Current status of antidepressants: clinical pharmacology and therapy.J Clin Psychiatry 1989; 50(4):117-26JC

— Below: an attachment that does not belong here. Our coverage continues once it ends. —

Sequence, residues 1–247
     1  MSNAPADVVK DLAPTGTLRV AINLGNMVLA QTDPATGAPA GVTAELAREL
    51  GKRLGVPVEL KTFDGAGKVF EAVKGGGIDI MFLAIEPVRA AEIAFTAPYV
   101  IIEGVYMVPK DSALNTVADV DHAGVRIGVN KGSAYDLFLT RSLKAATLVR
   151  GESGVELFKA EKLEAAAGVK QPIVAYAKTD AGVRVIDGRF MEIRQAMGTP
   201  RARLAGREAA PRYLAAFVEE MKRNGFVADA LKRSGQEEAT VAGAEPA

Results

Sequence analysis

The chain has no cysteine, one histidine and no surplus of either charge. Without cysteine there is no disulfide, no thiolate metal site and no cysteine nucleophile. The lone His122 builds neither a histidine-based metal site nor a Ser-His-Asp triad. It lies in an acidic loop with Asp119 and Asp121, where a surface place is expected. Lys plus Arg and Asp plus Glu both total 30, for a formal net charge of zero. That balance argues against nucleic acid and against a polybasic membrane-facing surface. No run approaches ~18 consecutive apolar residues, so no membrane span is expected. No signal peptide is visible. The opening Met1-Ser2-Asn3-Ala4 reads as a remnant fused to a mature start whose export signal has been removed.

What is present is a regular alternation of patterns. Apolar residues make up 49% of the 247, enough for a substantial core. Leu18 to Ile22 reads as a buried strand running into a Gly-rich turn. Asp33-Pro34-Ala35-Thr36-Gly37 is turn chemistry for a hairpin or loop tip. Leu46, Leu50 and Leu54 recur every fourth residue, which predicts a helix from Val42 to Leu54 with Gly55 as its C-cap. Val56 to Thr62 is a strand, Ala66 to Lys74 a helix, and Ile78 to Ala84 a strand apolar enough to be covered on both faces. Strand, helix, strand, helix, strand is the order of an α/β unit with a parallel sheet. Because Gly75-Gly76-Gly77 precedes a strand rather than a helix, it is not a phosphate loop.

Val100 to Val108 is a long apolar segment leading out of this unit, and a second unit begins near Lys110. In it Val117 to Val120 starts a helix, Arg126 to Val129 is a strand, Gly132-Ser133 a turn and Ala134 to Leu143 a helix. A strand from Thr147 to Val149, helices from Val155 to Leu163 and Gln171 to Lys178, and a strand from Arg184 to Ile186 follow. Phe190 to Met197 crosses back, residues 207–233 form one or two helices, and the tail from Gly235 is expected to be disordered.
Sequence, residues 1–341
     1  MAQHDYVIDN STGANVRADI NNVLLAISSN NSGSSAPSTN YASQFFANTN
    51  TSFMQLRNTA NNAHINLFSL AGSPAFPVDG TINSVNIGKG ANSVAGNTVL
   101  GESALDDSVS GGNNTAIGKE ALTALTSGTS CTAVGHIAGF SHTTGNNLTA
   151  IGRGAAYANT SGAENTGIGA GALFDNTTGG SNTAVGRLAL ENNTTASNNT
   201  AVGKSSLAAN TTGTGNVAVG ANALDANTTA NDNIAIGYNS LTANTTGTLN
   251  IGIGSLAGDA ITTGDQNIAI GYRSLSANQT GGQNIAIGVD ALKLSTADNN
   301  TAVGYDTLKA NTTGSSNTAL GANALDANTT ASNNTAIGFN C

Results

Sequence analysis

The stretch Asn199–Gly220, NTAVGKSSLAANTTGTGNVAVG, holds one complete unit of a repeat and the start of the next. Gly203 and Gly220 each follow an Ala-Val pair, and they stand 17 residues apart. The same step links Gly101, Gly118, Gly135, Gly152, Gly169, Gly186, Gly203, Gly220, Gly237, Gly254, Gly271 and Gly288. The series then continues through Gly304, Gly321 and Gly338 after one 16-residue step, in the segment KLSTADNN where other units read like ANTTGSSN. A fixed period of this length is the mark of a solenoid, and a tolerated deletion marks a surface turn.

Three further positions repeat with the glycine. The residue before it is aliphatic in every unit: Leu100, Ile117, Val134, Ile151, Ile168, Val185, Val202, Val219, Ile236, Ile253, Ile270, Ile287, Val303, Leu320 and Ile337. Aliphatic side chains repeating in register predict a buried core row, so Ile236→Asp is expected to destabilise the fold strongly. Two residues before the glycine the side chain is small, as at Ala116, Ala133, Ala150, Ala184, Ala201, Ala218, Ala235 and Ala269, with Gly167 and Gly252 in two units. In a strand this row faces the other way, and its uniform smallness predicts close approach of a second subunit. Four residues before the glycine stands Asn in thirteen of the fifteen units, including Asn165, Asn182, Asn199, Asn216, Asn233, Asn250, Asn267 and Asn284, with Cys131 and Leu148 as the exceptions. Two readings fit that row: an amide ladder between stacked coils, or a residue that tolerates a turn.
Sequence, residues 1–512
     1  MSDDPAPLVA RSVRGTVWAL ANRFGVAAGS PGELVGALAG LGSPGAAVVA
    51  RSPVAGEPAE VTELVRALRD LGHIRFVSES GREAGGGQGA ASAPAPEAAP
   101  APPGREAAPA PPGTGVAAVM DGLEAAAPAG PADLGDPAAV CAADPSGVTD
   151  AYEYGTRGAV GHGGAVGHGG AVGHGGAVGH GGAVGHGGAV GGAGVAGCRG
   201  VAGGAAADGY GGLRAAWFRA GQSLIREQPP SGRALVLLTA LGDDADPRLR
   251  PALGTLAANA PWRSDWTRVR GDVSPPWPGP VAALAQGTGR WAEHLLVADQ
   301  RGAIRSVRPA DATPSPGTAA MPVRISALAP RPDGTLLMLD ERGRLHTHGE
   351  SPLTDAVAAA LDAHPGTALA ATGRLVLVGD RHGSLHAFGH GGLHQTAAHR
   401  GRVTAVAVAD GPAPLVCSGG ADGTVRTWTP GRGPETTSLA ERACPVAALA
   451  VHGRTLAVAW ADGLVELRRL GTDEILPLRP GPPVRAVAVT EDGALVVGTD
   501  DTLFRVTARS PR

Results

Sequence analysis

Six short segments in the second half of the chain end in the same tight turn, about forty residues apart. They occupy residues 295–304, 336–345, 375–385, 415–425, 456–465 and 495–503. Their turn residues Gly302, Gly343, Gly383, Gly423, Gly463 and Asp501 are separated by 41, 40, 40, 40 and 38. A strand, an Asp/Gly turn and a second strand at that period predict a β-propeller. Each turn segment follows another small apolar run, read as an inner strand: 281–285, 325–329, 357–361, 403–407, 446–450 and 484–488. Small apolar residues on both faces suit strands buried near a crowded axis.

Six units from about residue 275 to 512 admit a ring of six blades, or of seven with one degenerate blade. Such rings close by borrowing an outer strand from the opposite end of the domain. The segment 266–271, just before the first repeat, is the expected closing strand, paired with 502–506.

Effective antidepressants, including imipramine and monoamine oxidase (MAO) inhibitors, were discovered serendipitously in the 1950s. Many additional agents have been introduced since then, but most are chemically or pharmacologically similar to those known for nearly four decades. Some recently introduced antidepressants offer either lesser or dissimilar side effects, but none exceeds older treatments in efficacy. Selective serotoninpotentiating agents and short-acting MAO-A inhibitors promise efficacy with greater safety. Progress is made difficult because atypical or treatment-resistant patients are more often available for study than typical patients, and because most studies must rely heavily on potentially misleading "standard drug versus new drug" comparisons. Rational development of novel or better agents is slow, in part, due to limited understanding of the biological basis of major affective disorders and some circularity in relating actions of known drugs to pathophysiologic hypotheses. Action mechanisms of antidepressants are subtle and complex: adaptive changes occur in brain monoaminergic neurotransmission following repeated administration of agents of the tricyclic antidepressant (TCA) type that may lead to net facilitation of alpha 1-adrenergic transmission. Important advances have been made in using plasma TCA levels to guide individualization of dosing, in exploring higher doses of antidepressants when ordinary doses prove ineffective, and in recognizing a broadening spectrum of possible indications for antidepressants in adults and children. These indications include panic disorder, obsessive compulsive disorder, attention deficit disorder, and bulimia. Evidence for the prophylactic effects of antidepressants after the first months following recovery from an index episode of major depression is weak, and the treatment of common recurrent or chronic depression remains unsatisfactory. Gains have been made in increasing clinicians' and the general public's awareness of the common occurrence and appropriate treatment of major depression, even when the depression is associated with other medical or psychiatric disorders.